At his election night party in this small town outside Newark, in a speech he delivered as results began to trickle in, Hugin made little mention of his career in business. The former drug company CEO did not utter the phrase “health care” in the brief remarks he delivered, standing at a podium just five miles from Celgene’s corporate headquarters.

With Celgene off the table, Hugin focused his campaign elsewhere. His campaign resurfaced the real allegations of corruption against his opponent Menendez — along with the long-since-debunked ones that he solicited underage prostitutes while vacationing in the Dominican Republic.

Hugin also worked to distance himself from President Trump.

Yet on Election Day, he was nevertheless endorsed by a presidential tweet, after a morning appearance on the president’s go-to television show, “Fox & Friends.”

And perhaps that is fitting: The supporters at his rally were far more eager to discuss Trump than they were Hugin’s career in pharma.

The party, in fact, had all the makings of a GOP political rally in 2018.

The crowd was dotted with red “Make America Great Again” hats. When a TV near a central bar was briefly switched from Fox to CNN, those watching asked that it be changed back. A speech from Hugin’s wife, Kathy, labeled the Newark Star-Ledger a “liberal bastion.” More than one “Lock him up!” chant was directed at Menendez — who, in fairness, has actually been charged with crimes.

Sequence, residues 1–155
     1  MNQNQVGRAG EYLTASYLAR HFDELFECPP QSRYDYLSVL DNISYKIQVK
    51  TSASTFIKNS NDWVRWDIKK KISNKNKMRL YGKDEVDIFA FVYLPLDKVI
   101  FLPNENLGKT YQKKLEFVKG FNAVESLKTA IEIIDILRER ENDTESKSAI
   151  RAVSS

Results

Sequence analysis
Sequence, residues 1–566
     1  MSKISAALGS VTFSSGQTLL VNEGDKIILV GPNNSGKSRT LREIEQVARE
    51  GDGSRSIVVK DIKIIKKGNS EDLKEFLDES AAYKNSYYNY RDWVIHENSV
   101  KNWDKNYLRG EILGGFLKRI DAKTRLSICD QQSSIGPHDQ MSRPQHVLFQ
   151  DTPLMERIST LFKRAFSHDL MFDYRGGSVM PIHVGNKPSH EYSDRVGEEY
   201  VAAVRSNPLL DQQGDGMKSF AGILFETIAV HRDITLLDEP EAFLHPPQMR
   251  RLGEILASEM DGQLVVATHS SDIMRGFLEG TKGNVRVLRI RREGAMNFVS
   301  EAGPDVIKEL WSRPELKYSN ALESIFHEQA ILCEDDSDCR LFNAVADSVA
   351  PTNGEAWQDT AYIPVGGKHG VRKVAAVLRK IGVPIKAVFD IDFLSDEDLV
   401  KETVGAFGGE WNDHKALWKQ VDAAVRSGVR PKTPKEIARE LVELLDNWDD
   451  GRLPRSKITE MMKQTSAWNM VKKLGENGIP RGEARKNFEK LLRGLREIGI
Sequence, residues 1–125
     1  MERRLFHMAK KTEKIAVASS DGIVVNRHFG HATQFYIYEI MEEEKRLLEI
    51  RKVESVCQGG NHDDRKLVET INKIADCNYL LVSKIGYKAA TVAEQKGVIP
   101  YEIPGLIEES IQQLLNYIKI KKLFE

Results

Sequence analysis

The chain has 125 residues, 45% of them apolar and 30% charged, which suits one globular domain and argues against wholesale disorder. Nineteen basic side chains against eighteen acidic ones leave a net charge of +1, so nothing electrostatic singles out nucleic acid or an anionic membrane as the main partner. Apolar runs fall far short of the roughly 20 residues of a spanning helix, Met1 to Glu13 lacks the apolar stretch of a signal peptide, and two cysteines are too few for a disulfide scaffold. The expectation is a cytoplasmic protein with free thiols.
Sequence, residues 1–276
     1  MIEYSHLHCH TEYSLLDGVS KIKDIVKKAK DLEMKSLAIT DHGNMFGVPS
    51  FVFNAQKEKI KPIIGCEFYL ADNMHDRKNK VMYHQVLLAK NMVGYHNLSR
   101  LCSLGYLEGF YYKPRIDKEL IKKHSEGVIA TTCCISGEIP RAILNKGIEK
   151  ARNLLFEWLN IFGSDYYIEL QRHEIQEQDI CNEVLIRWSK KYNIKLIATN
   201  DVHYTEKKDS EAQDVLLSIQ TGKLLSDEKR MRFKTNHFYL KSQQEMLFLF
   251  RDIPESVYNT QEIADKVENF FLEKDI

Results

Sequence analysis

With a few notable exceptions, Menendez’s victory was part of a trend of success for those campaigning on health care issues and using anti-pharma sentiment to bolster their campaigns.

Hugin, however, pushed back on the notion that Democrats’ rhetoric for the drug industry — and even the president’s — made it difficult to run as a drug industry executive in New Jersey, a state with a heavy biopharma presence.

Hugin would not rule out a return to politics on Tuesday, instead laying out only one immediate plan: to “do a little more fishing.”

His other interests, he said, could include a return to life sciences and medicine, specifically “neuroscience or information technology transforming health care.”

Nothing about the race, he said, has changed his mind about the importance and prominence of that industry.

“The lies and mischaracterizations about the pharmaceutical industry — the pharmaceutical is one of the greatest American treasures,” he said. “[We] do such good things for all people around the world.”

He said he has no plans to retire.

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  • Was going to vote for Hugin. After a month of being conflicted I decided to vote for Hugin but at the last minute voted for Menendez because of Trump. I know Trump is a low life and in the end figured Hugin loves him so he must be in the gutter with the editor and chief reporter for the Fake News (all editions). I know Menendez is a thief but I’ll stick with the thief I know rather than the one I don’t. Al least I know Menendez will fight for healthcare, prescription drugs and social security and education. B